The administration announced that Congress will have a six-month period, up until March 5th 2018, to find an alternative for the federal program. Nevertheless, the administration did declare that new DACA applications will not be accepted. This means that children who have arrived in the United States can no longer apply for Dreamer status.
This decision has been met with a lot of political and social uproar throughout the U.S. due to its serious implications for hundreds of thousands of immigrants. At this moment, Dreamers will also be unable to renew their DACA protection, causing thousands of individuals to lose DACA status between March 2018 – March 2020. Out of the 886,814+ young dreamers that had received DACA approval as of March 2017, it is possible that at least 110,653 will lose DACA status by December of this year. However, senior homeland security officials announced that DACA permits that expire before March 5th 2018 were eligible to apply for a 2-year renewal prior to October 5th. Currently, the majority of Dreamers live in Florida, Texas, California, and New York and are from Mexico, Guatemala, El Salvador, and Honduras.
Despite the recent upset caused by the administration’s decision to rescind DACA, it has not come as a total surprise to millions of Americans. Plans to rescind DACA began during the 2016 campaign season and were part of the President’s top agenda for reforming immigration.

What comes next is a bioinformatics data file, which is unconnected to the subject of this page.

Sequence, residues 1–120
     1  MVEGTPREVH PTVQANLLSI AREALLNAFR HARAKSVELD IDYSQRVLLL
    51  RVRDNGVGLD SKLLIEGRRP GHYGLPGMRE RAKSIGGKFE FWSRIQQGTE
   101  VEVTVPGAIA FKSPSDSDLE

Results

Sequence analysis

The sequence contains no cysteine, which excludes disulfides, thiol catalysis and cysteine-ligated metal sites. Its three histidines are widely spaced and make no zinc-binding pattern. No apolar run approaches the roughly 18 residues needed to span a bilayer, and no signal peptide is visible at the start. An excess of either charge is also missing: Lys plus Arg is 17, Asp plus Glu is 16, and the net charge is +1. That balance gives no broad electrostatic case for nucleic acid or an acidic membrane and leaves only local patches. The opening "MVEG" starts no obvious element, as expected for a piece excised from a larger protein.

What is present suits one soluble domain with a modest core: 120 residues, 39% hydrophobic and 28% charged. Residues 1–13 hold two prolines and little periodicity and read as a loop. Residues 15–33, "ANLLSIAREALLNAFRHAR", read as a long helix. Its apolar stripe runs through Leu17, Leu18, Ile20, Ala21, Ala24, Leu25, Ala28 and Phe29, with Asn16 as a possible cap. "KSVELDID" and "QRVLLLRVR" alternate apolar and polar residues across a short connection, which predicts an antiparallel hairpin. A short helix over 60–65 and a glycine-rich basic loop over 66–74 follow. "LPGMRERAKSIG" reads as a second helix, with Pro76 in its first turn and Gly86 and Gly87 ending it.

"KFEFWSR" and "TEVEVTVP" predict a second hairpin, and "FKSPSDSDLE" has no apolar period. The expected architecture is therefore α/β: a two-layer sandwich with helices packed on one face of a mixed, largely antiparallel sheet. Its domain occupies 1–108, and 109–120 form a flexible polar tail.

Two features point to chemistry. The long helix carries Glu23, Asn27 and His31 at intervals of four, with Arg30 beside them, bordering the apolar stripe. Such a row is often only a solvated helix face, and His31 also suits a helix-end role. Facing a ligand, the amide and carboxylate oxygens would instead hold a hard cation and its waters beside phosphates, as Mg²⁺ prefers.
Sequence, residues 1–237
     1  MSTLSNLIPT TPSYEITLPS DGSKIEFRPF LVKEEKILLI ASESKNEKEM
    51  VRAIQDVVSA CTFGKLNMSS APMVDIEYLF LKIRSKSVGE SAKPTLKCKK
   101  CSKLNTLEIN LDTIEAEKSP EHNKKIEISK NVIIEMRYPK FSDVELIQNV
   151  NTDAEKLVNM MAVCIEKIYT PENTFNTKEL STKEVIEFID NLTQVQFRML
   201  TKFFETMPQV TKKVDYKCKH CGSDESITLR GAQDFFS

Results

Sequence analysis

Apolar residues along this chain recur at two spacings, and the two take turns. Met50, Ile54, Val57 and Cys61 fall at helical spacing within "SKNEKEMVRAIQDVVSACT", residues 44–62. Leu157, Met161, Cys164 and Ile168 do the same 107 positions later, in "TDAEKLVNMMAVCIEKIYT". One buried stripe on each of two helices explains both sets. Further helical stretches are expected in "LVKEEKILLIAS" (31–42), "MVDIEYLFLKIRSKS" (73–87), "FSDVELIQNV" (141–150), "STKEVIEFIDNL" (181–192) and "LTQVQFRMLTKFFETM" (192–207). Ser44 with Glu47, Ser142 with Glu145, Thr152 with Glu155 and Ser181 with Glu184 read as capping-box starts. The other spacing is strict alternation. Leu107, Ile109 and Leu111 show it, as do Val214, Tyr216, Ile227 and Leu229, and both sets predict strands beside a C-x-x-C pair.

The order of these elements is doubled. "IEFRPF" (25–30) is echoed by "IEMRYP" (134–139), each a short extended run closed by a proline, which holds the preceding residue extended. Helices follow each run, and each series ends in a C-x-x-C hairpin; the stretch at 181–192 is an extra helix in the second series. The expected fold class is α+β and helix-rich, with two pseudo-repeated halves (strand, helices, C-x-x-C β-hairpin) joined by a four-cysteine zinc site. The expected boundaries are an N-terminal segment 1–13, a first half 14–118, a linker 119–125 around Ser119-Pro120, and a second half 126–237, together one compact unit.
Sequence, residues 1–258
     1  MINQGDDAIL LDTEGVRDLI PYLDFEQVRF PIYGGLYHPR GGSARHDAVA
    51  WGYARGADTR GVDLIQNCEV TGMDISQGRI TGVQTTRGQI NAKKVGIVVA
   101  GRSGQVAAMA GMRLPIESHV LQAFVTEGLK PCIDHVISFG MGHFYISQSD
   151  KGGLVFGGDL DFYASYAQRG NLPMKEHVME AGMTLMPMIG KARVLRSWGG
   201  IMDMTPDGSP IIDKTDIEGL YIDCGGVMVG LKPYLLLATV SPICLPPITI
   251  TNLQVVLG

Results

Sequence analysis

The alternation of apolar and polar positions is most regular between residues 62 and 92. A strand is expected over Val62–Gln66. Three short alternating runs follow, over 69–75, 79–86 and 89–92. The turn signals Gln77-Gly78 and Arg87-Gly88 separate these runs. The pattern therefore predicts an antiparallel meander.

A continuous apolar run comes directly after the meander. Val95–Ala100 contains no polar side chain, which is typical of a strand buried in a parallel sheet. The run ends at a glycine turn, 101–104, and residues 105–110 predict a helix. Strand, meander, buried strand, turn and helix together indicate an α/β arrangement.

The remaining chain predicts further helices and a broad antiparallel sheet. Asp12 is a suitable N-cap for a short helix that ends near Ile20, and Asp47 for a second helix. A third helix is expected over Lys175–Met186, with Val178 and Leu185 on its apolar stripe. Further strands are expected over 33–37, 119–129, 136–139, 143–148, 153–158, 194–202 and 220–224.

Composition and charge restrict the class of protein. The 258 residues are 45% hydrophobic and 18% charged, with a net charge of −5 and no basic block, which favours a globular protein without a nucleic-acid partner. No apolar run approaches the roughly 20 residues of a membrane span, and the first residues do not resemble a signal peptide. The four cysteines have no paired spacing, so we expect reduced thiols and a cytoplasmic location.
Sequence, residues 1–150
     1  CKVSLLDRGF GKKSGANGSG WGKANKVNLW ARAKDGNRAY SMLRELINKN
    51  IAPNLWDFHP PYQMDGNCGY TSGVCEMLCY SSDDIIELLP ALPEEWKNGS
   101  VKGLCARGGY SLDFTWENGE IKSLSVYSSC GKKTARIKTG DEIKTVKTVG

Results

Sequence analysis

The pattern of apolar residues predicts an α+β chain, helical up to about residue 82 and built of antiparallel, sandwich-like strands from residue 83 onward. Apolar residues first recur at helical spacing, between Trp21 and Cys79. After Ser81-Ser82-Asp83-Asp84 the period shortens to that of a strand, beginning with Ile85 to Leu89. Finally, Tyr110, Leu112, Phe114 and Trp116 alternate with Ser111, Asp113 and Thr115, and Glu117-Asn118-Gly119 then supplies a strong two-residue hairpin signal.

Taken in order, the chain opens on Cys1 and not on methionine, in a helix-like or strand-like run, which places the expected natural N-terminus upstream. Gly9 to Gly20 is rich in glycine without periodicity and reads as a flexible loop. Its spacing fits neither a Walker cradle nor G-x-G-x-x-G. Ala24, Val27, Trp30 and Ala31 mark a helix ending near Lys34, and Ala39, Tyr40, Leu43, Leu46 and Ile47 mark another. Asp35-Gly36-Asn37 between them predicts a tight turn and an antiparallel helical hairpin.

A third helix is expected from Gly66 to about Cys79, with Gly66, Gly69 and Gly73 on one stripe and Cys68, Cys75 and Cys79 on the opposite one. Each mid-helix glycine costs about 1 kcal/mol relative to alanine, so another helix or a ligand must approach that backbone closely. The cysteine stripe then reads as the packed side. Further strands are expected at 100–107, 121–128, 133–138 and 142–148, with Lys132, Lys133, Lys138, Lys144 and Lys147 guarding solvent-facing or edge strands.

Moving forward, there remains a large amount of uncertainty for individuals impacted by DACA. While there has been a lot of political discourse about the issue, the administration has yet to confirm whether Dreamers will be deported out of the United States if an alternative program is not decided upon. Large organizations such as Human Rights Watch and DoSomething.org have responded to the DACA issue with several public acts of support. In addition to this, many popular U.S. celebrities and political figures have used their platforms to stand in solidarity with Dreamers.
Temple University has also spoken out in the support of Dreamers and all those impacted by DACA. University President Richard Englert addressed the university on September 12th by stating his solidarity and expressing that Temple will continue to provide support in the context of all local, state and federal laws,
“On Sept. 5, the U.S. Department of Homeland Security issued a Memorandum on Rescission of Deferred Action for Childhood Arrivals (DACA). We understand this can be a stressful time for young people who grew up in this country and potentially face not being able to remain through no fault of their own.